Functional Magnetic Resonance Imaging (fMRI) During Deep Brain Stimulation (DBS) to Treat Parkinson's Disease
This study is investigating the usefulness of using functional magnetic resonance imaging (fMRI) to monitor brain activation during deep brain stimulation for Parkinson's Disease. The study may determine the relationship between patterns of brain activation and therapeutic outcome and/or side effects.
|Study Design:||Endpoint Classification: Efficacy Study
Intervention Model: Single Group Assignment
Masking: Open Label
Primary Purpose: Treatment
|Official Title:||Functional Magnetic Resonance Imaging (fMRI) During Deep Brain Stimulation (DBS) to Treat Parkinson's Disease|
- Mean Score on Unified Parkinson's Disease Rating Scale (UPDRS) [ Time Frame: 6 months after Deep Brain Stimulation ] [ Designated as safety issue: No ]The UPDRS is a rating scale used to follow the longitudinal course of Parkinson's disease. The version of the scale used in this study has a total of 14 items; each of these item has a scale of 0-4, with 0 being no impairment, and 4 being severe impairment. All of the parts are combined to give a numeric score: 0 indicating no sign of disease, and 56, the highest score indicating severely incapacitated.
|Study Start Date:||March 2013|
|Estimated Study Completion Date:||March 2015|
|Estimated Primary Completion Date:||March 2015 (Final data collection date for primary outcome measure)|
Experimental: Stimulation-evoked blood-oxygen-level dependence (BOLD) signal
Functional Magnetic Resonance Imaging (fMRI) will be performed to determine the areas of BOLD signal modulation with DBS.
Procedure: Functional Magnetic Resonance Imaging (fMRI)
During the deep brain stimulation (DBS) surgery of the subthalamic nucleus within the thalamocortical basal ganglion, an additional lead extendor will be connected to the DBS electrode to allow externalization of the lead. Following confirmation of electrode location with MRI, a series of fMRI scans will be run. Total scanning time will be limited to 35 minutes.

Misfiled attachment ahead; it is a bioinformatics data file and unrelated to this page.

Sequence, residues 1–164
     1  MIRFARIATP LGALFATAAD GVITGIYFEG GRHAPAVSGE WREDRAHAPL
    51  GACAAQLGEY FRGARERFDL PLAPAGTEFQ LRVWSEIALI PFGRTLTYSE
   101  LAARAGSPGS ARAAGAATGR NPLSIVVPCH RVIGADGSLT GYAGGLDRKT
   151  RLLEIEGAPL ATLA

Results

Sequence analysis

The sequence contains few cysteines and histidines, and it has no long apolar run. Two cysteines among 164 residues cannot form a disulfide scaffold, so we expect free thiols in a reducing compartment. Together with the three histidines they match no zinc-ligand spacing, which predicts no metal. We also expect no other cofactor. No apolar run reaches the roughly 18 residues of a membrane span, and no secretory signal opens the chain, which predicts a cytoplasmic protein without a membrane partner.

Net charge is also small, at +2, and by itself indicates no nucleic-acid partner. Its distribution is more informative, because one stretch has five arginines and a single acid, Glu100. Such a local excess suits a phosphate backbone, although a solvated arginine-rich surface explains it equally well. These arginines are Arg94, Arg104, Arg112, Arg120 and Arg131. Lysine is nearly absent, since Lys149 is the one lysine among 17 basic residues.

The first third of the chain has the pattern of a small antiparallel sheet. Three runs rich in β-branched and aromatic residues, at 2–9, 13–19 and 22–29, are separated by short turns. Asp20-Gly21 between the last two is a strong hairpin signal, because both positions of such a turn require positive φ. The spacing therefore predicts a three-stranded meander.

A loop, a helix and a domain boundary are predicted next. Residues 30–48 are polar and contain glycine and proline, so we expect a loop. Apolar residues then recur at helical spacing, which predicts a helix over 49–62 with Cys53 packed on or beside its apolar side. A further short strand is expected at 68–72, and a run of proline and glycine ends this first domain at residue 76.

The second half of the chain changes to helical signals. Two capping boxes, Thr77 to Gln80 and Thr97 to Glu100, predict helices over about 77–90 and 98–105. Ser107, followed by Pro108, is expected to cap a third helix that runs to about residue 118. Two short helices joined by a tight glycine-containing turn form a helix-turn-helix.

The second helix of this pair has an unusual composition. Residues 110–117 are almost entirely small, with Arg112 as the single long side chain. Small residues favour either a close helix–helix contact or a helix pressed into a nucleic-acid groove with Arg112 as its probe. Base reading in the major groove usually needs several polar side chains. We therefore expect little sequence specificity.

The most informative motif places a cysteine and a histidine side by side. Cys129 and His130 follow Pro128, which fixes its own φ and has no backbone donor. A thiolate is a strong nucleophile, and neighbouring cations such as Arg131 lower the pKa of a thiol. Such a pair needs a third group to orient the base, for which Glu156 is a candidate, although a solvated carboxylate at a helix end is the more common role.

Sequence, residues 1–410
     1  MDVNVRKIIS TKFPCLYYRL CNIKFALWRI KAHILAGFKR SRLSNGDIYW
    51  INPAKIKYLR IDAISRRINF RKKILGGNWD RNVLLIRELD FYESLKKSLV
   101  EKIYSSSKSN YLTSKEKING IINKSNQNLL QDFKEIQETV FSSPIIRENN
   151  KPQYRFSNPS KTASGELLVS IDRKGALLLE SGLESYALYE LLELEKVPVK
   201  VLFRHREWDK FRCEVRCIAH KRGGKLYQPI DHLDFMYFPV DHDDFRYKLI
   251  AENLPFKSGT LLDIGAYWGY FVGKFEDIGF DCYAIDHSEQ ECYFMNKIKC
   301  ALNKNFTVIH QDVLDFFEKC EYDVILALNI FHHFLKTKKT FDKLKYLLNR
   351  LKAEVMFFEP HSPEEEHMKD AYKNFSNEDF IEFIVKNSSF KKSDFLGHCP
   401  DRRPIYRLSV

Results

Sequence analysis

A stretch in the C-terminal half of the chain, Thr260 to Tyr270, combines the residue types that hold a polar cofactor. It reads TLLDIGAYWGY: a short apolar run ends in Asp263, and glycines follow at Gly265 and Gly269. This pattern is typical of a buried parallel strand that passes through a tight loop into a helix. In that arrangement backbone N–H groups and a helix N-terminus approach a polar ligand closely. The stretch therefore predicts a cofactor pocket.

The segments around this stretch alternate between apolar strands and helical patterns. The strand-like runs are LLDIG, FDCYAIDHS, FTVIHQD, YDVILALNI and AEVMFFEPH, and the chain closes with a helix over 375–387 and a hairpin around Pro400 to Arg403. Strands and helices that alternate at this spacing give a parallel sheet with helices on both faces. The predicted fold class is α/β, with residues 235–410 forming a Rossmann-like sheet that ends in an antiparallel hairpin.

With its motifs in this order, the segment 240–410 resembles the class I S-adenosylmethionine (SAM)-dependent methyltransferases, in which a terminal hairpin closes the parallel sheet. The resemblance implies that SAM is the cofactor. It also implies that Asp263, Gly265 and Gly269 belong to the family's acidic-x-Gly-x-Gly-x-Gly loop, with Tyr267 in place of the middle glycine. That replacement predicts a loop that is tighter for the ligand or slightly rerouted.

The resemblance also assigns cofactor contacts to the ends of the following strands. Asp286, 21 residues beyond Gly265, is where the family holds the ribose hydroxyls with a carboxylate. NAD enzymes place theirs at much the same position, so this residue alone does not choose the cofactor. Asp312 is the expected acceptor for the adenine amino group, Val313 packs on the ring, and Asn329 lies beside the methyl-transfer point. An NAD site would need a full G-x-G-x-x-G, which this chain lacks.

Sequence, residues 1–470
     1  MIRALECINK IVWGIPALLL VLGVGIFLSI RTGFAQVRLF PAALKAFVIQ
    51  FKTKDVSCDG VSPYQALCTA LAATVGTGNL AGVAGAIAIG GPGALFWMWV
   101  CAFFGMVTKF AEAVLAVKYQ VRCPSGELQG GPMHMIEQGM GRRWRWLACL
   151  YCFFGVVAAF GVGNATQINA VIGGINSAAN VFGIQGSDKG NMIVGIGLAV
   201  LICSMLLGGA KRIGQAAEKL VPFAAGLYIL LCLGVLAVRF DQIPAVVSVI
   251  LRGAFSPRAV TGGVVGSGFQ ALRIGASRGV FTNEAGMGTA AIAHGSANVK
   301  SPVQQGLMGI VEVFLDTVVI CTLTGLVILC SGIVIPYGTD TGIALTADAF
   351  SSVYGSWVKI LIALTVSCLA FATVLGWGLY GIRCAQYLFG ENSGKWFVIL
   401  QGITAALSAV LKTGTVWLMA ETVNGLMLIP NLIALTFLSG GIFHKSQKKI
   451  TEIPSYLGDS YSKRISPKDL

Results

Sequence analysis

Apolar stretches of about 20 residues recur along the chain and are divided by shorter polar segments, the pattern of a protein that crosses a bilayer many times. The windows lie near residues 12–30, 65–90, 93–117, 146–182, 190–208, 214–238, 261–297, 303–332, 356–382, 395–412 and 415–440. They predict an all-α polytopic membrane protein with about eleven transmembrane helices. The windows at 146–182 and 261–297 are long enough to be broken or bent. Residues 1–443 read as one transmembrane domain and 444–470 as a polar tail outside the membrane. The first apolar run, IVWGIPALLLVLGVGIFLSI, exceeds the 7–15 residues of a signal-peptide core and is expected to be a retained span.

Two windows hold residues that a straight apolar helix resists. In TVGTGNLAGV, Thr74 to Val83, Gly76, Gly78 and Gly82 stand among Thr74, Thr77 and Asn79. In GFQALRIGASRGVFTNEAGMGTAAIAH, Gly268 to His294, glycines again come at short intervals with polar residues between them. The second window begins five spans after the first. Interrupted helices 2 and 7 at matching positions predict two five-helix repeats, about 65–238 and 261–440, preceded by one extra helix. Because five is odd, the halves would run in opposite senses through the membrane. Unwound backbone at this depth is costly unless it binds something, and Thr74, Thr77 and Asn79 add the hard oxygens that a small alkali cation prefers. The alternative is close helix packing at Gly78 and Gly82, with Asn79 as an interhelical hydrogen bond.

Deep brain stimulation (DBS) of the subthalamic nucleus (STN) within the thalamocortical basal ganglion (BG) complex is an effective neurosurgical approach for treating motor symptoms of Parkinson's disease (PD). However, because the nature of its underlying mechanisms and clinical effects are not fully understood, precision targeting, decreasing adverse effects, and improving clinical outcomes represent major clinical and scientific challenges in PD and other disorders treated by DBS. Our goal is to investigate the inter-relationships between site-specific neural activation and clinical outcomes during STN DBS. To do so, we will perform non-invasive functional Magnetic Resonance Imaging (fMRI) to investigate DBS-mediated activation of thalamocortical BG network circuitry. Our proposed protocol involves the addition of intraoperative fMRI to the standard DBS protocol in order to determine the major sites of activation in the thalamocortical BG complex during application of clinically effective DBS to the dorsal and ventral regions of the STN (dSTN and ventral subthalamic nucleus (vSTN), respectively). Patients will undergo clinical assessment using the Unified Parkinson's Disease Rating Scale (UPDRS) to determine the relative efficacy of dSTN and vSTN DBS, applied during the fMRI and at every standard follow visit post-surgery. Our Specific Aims are to: (1) Identify fMRI-activated brain regions by vSTN and dSTN DBS in PD patients and (2) correlate fMRI activation with clinical outcomes (UPDRS) and side effects. With the goal of improving DBS electrode targeting for optimal and reproducible clinical outcomes, these experiments will be the first attempt to relate site-specific DBS with functional in vivo imaging data and quantitative longitudinal clinical outcome measures in PD patients.
|Contact: Emily Knightemail@example.com|
|Contact: Su Youne Chang, PhDfirstname.lastname@example.org|
|United States, Minnesota|
|Rochester, Minnesota, United States, 55905|
|Contact: Emily Knight 507-293-0512 email@example.com|
|Principal Investigator: Su-youne Chang, PhD|
|Principal Investigator: Kendall Lee, M.D. Phd|
|Principal Investigator:||Su Youne Chang, Ph.D.||Mayo Clinic|